Heating systems in Germany will have to change substantially by 2030 if the country is to reach its climate targets for 2050, according to a study commissioned by energy think-tank Agora Energiewende*. While the share of natural gas used for heating will remain broadly unchanged until 2030, higher efficiency will have to cut heat demand by a quarter, and most heating systems relying on oil will have to be decommissioned.
“There is hardly any space left for heating oil in a climate-friendly and cost-efficient 2030 heat system. In contrast, heat pumps will become a central pillar - they will have to supply around 20 times as much heat as today,” according to an Agora press release. The study by Fraunhofer institutes IWES and IBP, with support from Fraunhofer ISE, the Institute for Applied Ecology and Prognos also argues that current building insulation and heat pump installation rates are insufficient to reach these targets, and that the share of renewable energy will have to reach 60 percent in 2030, five years earlier than current government plans.
Find the press release and the study in German here.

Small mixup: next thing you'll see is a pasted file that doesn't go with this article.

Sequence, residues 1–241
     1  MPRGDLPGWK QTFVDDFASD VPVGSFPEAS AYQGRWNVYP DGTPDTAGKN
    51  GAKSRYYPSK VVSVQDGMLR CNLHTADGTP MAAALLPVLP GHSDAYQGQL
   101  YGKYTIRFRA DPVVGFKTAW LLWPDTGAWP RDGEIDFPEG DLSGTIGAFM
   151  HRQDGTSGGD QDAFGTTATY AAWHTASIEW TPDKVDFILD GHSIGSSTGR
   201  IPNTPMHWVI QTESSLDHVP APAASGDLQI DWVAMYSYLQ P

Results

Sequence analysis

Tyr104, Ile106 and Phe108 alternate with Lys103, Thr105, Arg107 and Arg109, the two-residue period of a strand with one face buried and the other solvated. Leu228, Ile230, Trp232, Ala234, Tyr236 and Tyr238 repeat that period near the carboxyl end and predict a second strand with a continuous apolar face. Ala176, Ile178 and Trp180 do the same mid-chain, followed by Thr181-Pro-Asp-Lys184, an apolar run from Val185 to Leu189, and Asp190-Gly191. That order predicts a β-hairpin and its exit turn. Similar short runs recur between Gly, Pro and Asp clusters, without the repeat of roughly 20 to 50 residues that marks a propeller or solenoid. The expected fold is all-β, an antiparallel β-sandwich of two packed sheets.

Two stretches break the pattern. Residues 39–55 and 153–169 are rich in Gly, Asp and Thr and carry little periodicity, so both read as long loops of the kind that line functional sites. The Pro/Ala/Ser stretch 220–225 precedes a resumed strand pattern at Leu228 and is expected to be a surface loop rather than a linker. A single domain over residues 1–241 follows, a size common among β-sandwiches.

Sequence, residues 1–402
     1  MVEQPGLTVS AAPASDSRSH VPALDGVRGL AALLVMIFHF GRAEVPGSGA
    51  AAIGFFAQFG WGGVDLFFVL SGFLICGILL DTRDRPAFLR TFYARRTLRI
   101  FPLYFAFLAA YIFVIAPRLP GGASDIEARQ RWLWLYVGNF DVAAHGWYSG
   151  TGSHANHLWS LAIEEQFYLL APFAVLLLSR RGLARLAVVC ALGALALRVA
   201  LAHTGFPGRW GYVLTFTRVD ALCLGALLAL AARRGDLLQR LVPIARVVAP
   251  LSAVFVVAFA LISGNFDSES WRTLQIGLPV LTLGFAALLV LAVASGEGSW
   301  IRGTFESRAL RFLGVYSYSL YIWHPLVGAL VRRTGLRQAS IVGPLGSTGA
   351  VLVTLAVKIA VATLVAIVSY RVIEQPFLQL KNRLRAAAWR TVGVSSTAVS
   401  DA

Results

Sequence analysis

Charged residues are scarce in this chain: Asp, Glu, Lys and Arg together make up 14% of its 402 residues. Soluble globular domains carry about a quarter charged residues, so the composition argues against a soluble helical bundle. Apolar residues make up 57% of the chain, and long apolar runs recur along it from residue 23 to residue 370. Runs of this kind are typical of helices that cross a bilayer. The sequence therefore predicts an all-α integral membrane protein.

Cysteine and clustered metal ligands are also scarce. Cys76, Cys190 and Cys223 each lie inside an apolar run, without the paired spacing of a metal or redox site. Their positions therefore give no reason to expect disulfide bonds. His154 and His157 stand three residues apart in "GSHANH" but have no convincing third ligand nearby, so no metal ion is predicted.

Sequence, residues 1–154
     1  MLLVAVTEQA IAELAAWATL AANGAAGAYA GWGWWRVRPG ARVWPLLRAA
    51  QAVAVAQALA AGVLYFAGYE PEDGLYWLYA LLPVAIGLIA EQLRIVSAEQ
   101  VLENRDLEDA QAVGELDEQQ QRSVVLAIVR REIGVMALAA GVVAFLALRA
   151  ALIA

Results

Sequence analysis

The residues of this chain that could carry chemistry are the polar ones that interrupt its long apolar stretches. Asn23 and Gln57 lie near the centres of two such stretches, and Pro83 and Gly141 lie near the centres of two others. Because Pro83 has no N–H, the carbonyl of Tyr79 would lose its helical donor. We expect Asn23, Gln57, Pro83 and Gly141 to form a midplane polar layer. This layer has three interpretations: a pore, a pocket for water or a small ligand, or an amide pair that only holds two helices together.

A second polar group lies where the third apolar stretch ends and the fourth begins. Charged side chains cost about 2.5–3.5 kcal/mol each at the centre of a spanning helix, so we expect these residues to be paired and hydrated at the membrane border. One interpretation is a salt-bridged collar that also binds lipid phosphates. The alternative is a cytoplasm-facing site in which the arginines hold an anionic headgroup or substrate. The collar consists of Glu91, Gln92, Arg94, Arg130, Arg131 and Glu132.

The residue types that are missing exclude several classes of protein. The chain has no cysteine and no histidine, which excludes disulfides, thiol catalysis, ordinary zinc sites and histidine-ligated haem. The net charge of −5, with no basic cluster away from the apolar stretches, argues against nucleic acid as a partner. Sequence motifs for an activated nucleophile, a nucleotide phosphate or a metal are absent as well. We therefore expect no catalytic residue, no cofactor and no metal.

For background, read the CLEW dossier The Energiewende and Efficiency.
*Like the Clean Energy Wire, Agora Energiewende is a project funded by Stiftung Mercator and the European Climate Foundation.
Federal Ministry of Transport
The European Commission has given Germany’s plans to expand its charging infrastructure for alternative engines the green light, the Federal Ministry of Transport (BMVI) says in a press release. “We will give car users the confidence that they can recharge their vehicles any time and any where,” transport minister Alexander Dobrindt said, adding that Germany would invest an additional 300 million euros in building around 15,000 charging stations across the country. Cities and private investors can apply for support to build a charging station so long as it’s powered by renewable energy sources, the press release said.
Find the press release in German here.
For background, read the CLEW dossier The energy transition and Germany’s transport sector.
After Germany’s parliamentary elections in September, the new government should create a capacity market and push the integration of transport and heating into the power market, according to Innogy CEO Peter Terium. “With this capacity market, we keep power stations on the grid that are urgently needed for a secure power supply in Germany. This is not about new subsidies but a market-based addition to the energy market,” Terium told Osnabrücker Zeitung. He also said taxes and levies on electricity were double those on gas and oil, putting a break on the expansion of renewables in heating and transport, and slowing efforts to reduce CO2 emissions.